In Conversation with Rohin Samtaney
What has been the journey of The Souled Store?
The Souled Store began roughly five years ago, in June 2013. There weren’t too many companies or brands in the pop culture space in the country. There was no brand tapping customers who wanted to celebrate ‘fandom’. Even if there were brands offering products in the pop culture space, the designs were either limited or exorbitantly priced. There was a huge gap in the market – so many customers have been fans of iconic properties such as Harry Potter, Lord of the Rings, Star Wars, sporting events (with their favourite teams in different games), etc, but there have been very limited number of product offerings for customers. There was nothing affordable in the market in this segment – for us, therefore, this was the gap, and the opportunity, which we decided to address.
How should brands stand apart from the rest of the competitors? What did The Souled Store do to get it right?
Typically, brands that get licenses from companies such as Warner Brothers, Turner, Disney, etc, get style guides to help them curate products. While many brands in the business may have gone exactly as per the style guides, The Souled Store modified and tweaked the products to reach out to customers. We were extremely innovative in our product design strategy, appealing to our target audience through creativity, correct price point, good quality, and consistently providing good service to our clients. We have a very strong design team but I think we also do well because of the way we communicate with our customer base. They recognise The Souled Store as a fun, quirky brand that reaches out in the most unique ways, whether online or offline. I think at the core of our offering is the creativity and innovative communication. We make the designs very impactful and that’s what attracts consumers to our brand. I think the mistake many other competitive brands made was that they failed to create innovative, unique products.
What was the biggest challenge in building the business/ brand?
We experienced very slow growth initially. However, we were not disturbed by it because we wanted to get the model right. Initially our biggest challenge was to identify the right manufacturer for our various products. It is an unorganised sector and quite often the challenge is to explain to the manufacturer to offer us the right quality in a limited time span. Manufacturing delays continue to be a challenge for a brand like ours. There are times when we launch a certain product on the website but get faced with a challenge of a delay from the manufacturing end. We try and avoid it but sometimes it is beyond our control. I also feel that human talent for a brand like ours is a challenge – we are a brand straddling both, creativity and business, after all. From the content that goes in our newsletters, on social media, on our website, to the design and products that we plan to the financials that we look at closely, we always need a team of people who can think creatively and logistically.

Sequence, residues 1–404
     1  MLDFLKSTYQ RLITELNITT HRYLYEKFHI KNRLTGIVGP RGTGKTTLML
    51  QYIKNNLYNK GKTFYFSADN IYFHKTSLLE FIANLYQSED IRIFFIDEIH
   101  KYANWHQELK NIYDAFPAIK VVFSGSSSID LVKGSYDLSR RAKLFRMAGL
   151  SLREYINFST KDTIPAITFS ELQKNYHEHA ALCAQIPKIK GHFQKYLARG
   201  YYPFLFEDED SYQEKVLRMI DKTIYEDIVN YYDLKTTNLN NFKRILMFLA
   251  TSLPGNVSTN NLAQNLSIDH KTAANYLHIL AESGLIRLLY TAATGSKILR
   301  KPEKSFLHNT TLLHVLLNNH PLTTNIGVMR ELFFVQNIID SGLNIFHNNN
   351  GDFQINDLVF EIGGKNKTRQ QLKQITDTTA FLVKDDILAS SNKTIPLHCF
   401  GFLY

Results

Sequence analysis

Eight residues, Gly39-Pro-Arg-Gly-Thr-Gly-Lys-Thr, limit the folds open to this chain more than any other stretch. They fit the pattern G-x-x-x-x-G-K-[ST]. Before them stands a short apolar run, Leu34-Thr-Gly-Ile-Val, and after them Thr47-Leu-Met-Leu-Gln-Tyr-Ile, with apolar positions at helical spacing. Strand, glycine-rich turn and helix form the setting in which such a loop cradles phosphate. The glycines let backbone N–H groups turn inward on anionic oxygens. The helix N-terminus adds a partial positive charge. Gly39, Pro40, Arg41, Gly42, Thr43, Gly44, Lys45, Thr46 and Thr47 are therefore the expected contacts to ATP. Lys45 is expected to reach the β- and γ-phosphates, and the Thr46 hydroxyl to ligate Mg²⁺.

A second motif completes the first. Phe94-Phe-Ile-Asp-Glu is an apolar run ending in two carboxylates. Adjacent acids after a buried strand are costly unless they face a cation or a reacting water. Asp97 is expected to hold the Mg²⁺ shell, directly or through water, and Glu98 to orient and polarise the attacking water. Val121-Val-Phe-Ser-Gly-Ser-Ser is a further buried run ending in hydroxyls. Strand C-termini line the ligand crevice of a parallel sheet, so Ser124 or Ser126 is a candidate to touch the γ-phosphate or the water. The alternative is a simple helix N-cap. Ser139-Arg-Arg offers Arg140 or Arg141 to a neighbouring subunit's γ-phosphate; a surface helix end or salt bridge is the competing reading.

How long did you plan before launching the brand? What was the turning point for the brand?
The planning began six months before we actually started. We took time to figure the designs, the product offerings, the setting up of the website, getting our manufacturing in place, even ensuring that our customer care service was in place as was the last mile delivery to ensure customer satisfaction. We were always confident of our designs but we had slow progress initially, as I have already mentioned earlier. The turning point for the brand was in 2015 when global brands took note of our products. We tied up with Comedy Central for the marathon of Friends, and some of the channel’s other shows. We have partnered with several other brands and I think our credibility is what’s allowing brands to look at our website as a platform to engage with like-minded audiences. Kenny Sebastian, the famous standup comedian, for instance, wanted to raise money for stray animals through sales of customised t-shirts. We partnered with him and the idea was successful. I think it is also the ease of functioning with our clients that gets companies and celebrities to come on board with us. We design, ideate, manage communication with the target audience through our website. It’s a win-win situation for both, the client and us.
What’s the one factor for The Sould Store’s success?
It’s in getting the basics right and tweaking it creatively. We innovate in terms of design, communication, execute customer care really well. That’s the vital ingredient of our success. For instance, in the case of merchandise for Friends, other than the regular product offerings, we included Phoebe Buffay’s Book of Songs. It is a collection of the character’s top songs along with a quiz, which is based on her songs. Similarly, with Harry Potter merchandise, we initially offered our customers the ‘Hogwarts Acceptance Letter.’ These additional creative products became talking points for our customers.
What will be the focus area for the brand in the next one-two years?
We are scaling up our product range substantially with a clear focus on women wear. For example, we will soon launch t-shirt dresses for women. We are going to introduce other products such as duffel bags, flip-flops, badges, trinkets, and a wider range in apparel. In terms of communication, we will focus on creating very interesting offline events that will go with our ethos of being a fun and quirky brand. The idea is to allow people to experience our brand in unique ways. We will focus more on offline events that will be engaging and fun, full of humour and wit, which is the central focus of our brand. We want people to know that if you are a fan of anything, you can find its product range on The Souled Store.